With your argument about airport vs. commercial entities a few people tried to address this but didn't completely finish the argument. As a few people said with airports everyone
has to go thru the security checkpoints, which means metal detectors, bags searched thru x-ray and possible more extensive searches if their's suspicions. Compared to commercial entities they don't have a right to search you unless they have someone that is specifically trained and is licensed with those abilities such as armed guards. Most of the time they are their just to try and prevent theft and in most cases such as most retail stores they can't even detain you unless trained to do so and have reasonable suspicion.Loss Prevention Retail Store Exit Bag Checks
Are Door Bag Searches Legal?Shoplifting Detention & Arrest
Yes, as long as the inspection is voluntary. No, if the bag check is involuntary or coerced. This is a rather fine legal distinction that is subject to misunderstanding and abuse. Basically, nothing in the law gives the merchant the right to detain a customer for the purpose of searching a shopping bag unless there is a reasonable suspicion of retail theft.
In and effort to prevent thieves from walking out the door without paying for merchandise, sometimes it becomes necessary to detain and arrest those suspected of shoplifting. Retailers sometimes employ plain-clothes loss prevention agents specially trained to detect, apprehend, and arrest shoplifters. Some believe that arresting shoplifters is the greatest deterrent as the word is spread by store employees and gets out on the street. If a detention and arrest policy is desirable, it is critical for the merchant to understand the local laws of arrest before confronting anyone. Remember that the laws of the state will differ from store policy.
So you're comparisons between airports vs. commercial entities is apple and oranges. As well stores aren't using metal detectors they are electronic article surveillance tags that if not removed will trigger an alarm. Even if you could some how still make a comparison it would fall on one last thing airports are searching everyone for safety vs. stores protecting their investment of merchandise.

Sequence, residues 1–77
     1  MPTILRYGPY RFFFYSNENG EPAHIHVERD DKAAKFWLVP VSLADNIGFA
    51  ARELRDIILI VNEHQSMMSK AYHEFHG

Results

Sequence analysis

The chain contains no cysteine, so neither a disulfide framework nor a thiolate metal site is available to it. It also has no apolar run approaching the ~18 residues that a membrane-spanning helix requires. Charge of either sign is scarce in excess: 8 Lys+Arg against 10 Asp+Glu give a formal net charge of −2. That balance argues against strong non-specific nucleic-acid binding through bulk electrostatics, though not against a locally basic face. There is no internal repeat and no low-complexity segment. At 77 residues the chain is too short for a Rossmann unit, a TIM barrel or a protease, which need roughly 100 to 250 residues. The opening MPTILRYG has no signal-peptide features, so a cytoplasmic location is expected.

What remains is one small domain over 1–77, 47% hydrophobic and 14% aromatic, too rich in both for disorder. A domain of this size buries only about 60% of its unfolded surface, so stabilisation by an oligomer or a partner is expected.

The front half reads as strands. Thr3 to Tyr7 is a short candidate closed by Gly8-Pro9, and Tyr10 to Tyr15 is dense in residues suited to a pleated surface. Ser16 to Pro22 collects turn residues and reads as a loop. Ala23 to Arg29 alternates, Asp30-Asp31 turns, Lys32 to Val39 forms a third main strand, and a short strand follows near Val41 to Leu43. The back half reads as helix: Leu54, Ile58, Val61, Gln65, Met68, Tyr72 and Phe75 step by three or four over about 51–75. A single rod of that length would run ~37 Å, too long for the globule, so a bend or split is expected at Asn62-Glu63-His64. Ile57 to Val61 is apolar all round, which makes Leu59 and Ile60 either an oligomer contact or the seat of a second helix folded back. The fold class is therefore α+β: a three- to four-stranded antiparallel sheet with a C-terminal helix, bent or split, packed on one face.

Then there is this example that shows how flawed the random searches at the subway terminals is from FargoUT
FargoUT Aug 4 2005, 10:04 PM FargoUT
No. As a friend of mine who lives in New York City says, "I'm not willing to sacrifice any freedoms in the name of 'security'." His argument was bolstered by a personal example. One day while heading to work, he was fingered out for a random search. He asked if this was a requirement. The officers told him no, but if he didn't, he couldn't ride the subway. He said thanks and walked back up the stairs. After a ten minute walk, he entered the next station without a single officer guarding its entrance. What is the point in searching randomly? It's trying to find a needle in a haystack.
's friend and the others I have heard thru the news is if they don't allow the officer to search which means they can't enter there what is stopping them from just going to another location and have no problems, even if there was officers at each station are they going to pick out the same person so it would not matter where the person tried to enter the train station? I think not that is one of the flaws of doing random searchs, its more of a perception of safety rather then actual.
I based my assertion on the fact that i live in new york city and thus watch the network news channels that have asked commuters about the situation. However research backs up my claim: N.Y., N.J. commuters OK with bag searches